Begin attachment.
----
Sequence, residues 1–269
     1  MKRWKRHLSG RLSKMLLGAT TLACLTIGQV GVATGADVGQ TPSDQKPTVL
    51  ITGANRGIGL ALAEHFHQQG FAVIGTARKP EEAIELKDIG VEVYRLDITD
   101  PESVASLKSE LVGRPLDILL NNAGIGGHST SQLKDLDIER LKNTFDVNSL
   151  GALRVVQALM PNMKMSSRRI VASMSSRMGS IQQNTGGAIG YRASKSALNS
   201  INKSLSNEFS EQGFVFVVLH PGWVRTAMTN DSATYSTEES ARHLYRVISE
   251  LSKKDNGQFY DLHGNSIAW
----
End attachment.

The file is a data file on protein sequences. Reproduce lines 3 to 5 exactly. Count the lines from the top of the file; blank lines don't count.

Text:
    51  ITGANRGIGL ALAEHFHQQG FAVIGTARKP EEAIELKDIG VEVYRLDITD
   101  PESVASLKSE LVGRPLDILL NNAGIGGHST SQLKDLDIER LKNTFDVNSL
   151  GALRVVQALM PNMKMSSRRI VASMSSRMGS IQQNTGGAIG YRASKSALNS